A respected woman social activist and political leader beaten and kicked in the stomach at a police station for recording a public protest. A human rights lawyer arbitrarily detained and given electric shocks by police officers. A journalist covering public demonstrations for a prominent national newspaper taken to a police station, subjected to obscene slurs by the police while witnessing a social activist being badly beaten-up.
Police stand by as an organised mob of masked goons attack students of a premier Left-leaning university in the dead of the night. Blanket institution of highly questionable criminal cases, indiscriminate arrests, caning and use of live ammunition with lethal effect on protestors. This is not the image of their country that Indians at home and abroad want to project to the world.
Nonetheless, many across the world are watching events unfold in the country with dismay. This Republic Day, India’s political leadership should be celebrating 71 years since the adoption of the constitution. Instead, the ruling Bharatiya Janata Party (BJP) government is preoccupied with justifying flawed amendments to the Citizenship Act that exclude Muslims and have been described by the UN as ‘fundamentally discriminatory’. The constitution’s promise of justice, liberty, equality and fraternity is being tested by injecting religion into the discourse around who gets to be an Indian citizen.
With attempts underway to crush largely peaceful nationwide mass mobilisations, the present appears to be reminiscent of the time when Indira Gandhi suspended certain constitutional rights by declaring a national Emergency from 1975-1977. Then as now, people from all walks of life and across the country came out to protest in large numbers in the tradition of satyagraha.
Could the repression now be worse than it was in 1975? Those who have resisted have been subjected to the full force of the law and more. Over 25 people have been killed in the protests. Unspecified numbers have been detained while many have been dubiously booked for “rioting”. They will face judicial harassment for extended periods of time as the wheels of justice grind slowly in India.
Random disruption of internet services to prevent public mobilisations and routine invocation of the regressive colonial era Section 144 of the Criminal Procedure Code to disallow five or more people from gathering in public places is tarnishing India’s global reputation as a stable democracy. The recently released Economist 2019 Democracy Index has noted a sharp decline in civil liberties in the country.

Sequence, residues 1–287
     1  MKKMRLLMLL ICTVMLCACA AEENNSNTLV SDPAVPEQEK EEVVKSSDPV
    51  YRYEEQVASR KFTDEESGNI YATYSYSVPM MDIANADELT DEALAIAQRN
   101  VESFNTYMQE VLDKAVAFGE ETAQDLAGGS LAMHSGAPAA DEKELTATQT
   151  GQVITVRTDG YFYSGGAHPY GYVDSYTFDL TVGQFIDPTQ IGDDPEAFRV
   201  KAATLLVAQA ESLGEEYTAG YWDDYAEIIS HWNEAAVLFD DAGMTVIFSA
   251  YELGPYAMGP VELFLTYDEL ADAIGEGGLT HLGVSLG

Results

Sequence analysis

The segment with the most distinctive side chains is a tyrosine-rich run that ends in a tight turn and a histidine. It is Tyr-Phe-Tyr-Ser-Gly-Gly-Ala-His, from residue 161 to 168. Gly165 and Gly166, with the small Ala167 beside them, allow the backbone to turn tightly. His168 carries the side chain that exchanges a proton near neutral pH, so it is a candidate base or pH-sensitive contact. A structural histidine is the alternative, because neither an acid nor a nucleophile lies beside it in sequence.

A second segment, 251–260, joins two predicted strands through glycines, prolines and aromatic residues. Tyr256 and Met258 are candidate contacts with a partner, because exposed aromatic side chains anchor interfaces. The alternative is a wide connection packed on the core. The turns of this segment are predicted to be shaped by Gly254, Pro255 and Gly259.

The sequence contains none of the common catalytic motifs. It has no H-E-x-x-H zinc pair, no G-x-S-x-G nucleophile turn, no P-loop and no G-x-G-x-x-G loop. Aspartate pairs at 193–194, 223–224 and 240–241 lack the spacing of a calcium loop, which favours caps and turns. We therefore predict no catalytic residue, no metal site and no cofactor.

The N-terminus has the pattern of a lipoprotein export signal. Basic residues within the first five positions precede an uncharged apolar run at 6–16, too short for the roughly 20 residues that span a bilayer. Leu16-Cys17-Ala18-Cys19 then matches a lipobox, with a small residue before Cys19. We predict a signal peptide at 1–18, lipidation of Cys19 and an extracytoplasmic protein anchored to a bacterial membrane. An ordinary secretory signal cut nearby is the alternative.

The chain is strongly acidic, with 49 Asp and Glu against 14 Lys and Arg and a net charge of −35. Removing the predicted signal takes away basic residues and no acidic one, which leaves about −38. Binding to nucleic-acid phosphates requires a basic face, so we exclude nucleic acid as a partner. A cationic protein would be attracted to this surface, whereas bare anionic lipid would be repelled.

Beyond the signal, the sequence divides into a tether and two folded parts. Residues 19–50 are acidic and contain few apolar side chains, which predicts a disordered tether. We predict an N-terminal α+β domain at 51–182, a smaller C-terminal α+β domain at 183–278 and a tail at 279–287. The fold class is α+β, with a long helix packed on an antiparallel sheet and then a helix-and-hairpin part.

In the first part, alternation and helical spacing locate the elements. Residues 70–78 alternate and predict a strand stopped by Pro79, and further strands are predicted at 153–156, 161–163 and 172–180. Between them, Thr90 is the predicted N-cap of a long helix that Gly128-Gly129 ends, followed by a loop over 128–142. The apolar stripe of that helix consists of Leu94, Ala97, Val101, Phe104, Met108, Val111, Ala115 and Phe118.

To be clear, the chaos and cruelty currently unleashed have been brewing for a while. Last December, prior to the ongoing nationwide protests and the ensuing crackdown, the CIVICUS Monitor, a research platform that measures the state of civic freedoms in every country, downgraded India to the second worst category, ‘repressed’, placing it on par with Afghanistan, Bangladesh, Myanmar and Pakistan. Reasons for the downgrade included a months’ long clampdown on public gatherings and internet freedom in Jammu and Kashmir, muzzling of the media and gross intimidation of civil society activists and their organisations through selective invocation of security and criminal legislation to silence criticism.
Notably, mass mobilisations are an opportunity for ordinary people to get their voices heard and for the political leadership to course correct in between election cycles. Governments can take a reform-minded approach and make necessary changes in line with public demands or they can take an unbending undemocratic approach, spread disinformation and clampdown. The launch of the disingenuous hashtag called #IndiaSupportsCAA along with the marshalling of the country’s diplomats to justify the ruling party’s position with foreign governments raises further concerns about the politicisation of national institutions.
Nonetheless, another course of action is available to the government: to back down and take corrective action. In Chile last year when massive public protests rocked the country against neoliberal economic policies, the government of President Sebastian Pinera agreed to hold a constitutional referendum. In Ecuador, President Lenin Morera reached a deal with indigenous leaders to cancel an austerity package following weeks of protests. In Lebanon, bowing to public dissatisfaction with official corruption, poor public services and economic mismanagement, Prime Minister Saad Hariri tendered his resignation. Even China, in the face of mass protests by residents of Hong Kong backtracked on a controversial extradition law albeit after strong-arm tactics failed to deter protestors.
Prime Minister Narendra Modi’s promise of Sabka Saath Sabka Vikas rings hollow in the face of an economic downturn and the ramping up of emotive politics of religion. But India’s youth are inspiring hope. Thousands of young people cutting across religious and caste divides are leading the way by becoming politically active on social media and on the streets, raising hopes that India’s democracy will ultimately emerge stronger.
Many are finding their voice in speaking out against the muzzling of protest against hate filled politics, rightly calling for a return to the values of democratic dissent and debate that define being Indian. Notably, women have come out in large numbers. Several are leading the protests. In expressing their indignation against attempts at institutional discrimination they are eroding patriarchy along the way.
The government of the day may have failed to honour Mahatma Gandhi’s legacy of communal harmony and peaceful resistance against oppression. However, this Republic Day conscientious Indians around the world are speaking out against the present injustices and are being the change they wish to see.
Lysa John is the secretary general of the global civil society alliance, CIVICUS. Mandeep Tiwana is chief programmes officer.